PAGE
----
Achoo! Bless you. Unfortunately, it’s just about that time of year again…The dreaded cold and flu season. Believe me, I know the last thing you want to deal with is an entire week — or two — of feeling drowsy, achy, and drained of energy.
So, let’s try to cut your “sniffle risk” down as much as possible right now. Sound good?
And in a moment, I’m going to show you a little-known health hack to boost your body’s first line of defense: Your immune system.
Now, the best part is it’s incredibly easy to do and it only takes about 20 seconds!
Okay, in the center of your chest, about 2 inches below your collarbone, sits a tiny gland called the thymus.
And it plays a key role in keeping you healthy.
You see, your thymus is responsible for dispatching thousands of microscopic defenders that fight common viruses and dangerous infections. They’re called T-cells.
The only problem is as you get older, your thymus begins to shrink. And by the time you hit 75 years old, it transforms into nothing more than fatty tissue.1
But don’t worry just yet. Because I’d like to introduce you to:
The “Thymus Thump” Technique
You see, you can actually stimulate your thymus externally. All you have to do is tap on the area just above where it’s positioned.
This can help release a flood of helper T-cells — which kick your energy up a notch, put you in a better mood, and boost your immune system.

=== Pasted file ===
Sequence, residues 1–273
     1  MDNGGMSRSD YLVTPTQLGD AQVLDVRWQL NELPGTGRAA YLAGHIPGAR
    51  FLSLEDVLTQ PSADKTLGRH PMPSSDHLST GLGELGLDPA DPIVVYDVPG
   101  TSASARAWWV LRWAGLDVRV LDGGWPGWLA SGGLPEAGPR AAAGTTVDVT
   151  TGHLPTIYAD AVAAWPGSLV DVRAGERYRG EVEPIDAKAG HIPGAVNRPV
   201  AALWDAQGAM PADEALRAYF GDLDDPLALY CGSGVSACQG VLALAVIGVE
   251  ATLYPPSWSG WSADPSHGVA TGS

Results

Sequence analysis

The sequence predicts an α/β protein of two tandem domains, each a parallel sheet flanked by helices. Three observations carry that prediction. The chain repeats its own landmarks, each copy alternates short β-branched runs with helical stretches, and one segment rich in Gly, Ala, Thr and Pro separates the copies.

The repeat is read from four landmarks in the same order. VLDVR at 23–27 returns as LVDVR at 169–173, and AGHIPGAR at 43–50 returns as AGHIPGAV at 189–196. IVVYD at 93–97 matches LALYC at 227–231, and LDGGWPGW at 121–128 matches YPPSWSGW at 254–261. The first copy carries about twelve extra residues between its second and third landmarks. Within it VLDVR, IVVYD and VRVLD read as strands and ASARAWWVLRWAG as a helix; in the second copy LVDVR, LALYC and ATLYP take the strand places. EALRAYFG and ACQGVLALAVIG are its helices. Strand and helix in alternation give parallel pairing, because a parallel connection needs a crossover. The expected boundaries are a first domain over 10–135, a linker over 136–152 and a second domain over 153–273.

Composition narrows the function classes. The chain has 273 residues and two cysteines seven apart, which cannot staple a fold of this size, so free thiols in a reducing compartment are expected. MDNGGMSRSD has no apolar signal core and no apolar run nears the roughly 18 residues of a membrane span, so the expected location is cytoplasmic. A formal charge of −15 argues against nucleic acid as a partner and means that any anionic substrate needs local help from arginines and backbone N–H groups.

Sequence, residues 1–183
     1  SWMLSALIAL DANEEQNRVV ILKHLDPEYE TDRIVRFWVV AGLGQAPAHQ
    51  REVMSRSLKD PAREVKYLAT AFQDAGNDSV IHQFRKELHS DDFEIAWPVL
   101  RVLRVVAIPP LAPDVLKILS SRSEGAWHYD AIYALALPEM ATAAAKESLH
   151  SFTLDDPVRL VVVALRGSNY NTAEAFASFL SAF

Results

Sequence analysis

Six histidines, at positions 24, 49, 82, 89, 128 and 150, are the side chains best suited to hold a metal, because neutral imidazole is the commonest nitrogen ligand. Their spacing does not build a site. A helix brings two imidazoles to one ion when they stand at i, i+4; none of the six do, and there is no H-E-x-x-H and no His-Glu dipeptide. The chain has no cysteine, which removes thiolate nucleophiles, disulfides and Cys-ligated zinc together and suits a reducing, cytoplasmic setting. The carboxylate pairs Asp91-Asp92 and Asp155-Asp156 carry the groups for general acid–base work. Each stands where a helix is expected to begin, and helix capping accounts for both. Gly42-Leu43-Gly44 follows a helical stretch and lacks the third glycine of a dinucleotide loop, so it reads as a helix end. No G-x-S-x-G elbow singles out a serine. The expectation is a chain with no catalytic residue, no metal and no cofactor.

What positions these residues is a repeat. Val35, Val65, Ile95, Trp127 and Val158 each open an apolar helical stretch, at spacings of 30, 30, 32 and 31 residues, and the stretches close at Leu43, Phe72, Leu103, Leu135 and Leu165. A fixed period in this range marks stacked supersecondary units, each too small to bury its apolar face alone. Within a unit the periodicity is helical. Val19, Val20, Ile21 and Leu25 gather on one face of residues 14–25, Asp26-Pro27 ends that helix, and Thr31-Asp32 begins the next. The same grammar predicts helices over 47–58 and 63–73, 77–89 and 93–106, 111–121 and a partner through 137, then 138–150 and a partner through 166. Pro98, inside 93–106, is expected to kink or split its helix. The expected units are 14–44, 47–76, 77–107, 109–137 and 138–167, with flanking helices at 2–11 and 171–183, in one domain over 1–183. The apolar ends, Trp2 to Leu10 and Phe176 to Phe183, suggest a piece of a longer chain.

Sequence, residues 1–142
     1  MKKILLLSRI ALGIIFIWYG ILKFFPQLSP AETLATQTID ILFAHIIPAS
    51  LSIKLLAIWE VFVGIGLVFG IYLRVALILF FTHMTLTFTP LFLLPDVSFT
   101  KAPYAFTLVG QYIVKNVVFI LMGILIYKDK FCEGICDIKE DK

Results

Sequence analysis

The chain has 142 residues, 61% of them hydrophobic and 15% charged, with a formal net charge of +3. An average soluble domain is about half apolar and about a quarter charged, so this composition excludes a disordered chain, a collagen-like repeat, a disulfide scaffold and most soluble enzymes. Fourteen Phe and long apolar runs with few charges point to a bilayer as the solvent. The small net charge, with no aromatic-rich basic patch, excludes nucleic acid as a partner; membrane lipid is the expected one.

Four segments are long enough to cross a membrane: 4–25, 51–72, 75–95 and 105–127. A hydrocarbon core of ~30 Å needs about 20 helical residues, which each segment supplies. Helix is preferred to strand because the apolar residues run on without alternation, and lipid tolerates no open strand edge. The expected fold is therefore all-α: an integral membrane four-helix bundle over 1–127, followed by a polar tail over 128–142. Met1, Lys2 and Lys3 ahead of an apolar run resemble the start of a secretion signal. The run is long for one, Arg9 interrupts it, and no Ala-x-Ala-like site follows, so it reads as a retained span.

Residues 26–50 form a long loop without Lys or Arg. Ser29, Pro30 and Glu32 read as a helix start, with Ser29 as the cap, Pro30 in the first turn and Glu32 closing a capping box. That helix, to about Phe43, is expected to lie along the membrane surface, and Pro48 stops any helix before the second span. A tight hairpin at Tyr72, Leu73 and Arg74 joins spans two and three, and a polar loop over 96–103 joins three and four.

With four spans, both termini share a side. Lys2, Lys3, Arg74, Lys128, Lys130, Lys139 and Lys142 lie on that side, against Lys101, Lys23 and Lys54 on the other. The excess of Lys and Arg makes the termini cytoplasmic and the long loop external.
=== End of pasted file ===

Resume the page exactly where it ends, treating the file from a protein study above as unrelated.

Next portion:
Here’s how it works:
1. Relax and take a few deep breaths in and out.
2. Locate your thymus gland — which is in the middle of your chest about 2 inches below your collarbone. (You can use the image above for reference.)
3. With your ring, index, and middle fingers — lightly tap up and down on this area.
4. Continue tapping for 20-30 seconds.
5. Repeat these steps 1-3 times a day — especially if you’re feeling tired and run down.
Pretty simple, right? And it works like a charm.
So, before the sick season really hits, try to get into this “thymus thump” routine.
You may be pleasantly surprised with how you feel — inside and out.
Looking out for you,
Steven Gundry, MD
P.S. You know I love hearing from you. So, after you give this immune-boosting exercise a try, tell me how it went for you in the comment section below this article. I can’t wait to read about how amazing you feel afterwards.
Want more health tips? Keep reading here:
1. Robert M. Sargis MD, P. (2017). An Overview of the Thymus. [online]
EndocrineWeb. Available at: https://www.endocrineweb.com/endocrinology/overview-thymus [Accessed 21 Nov. 2017].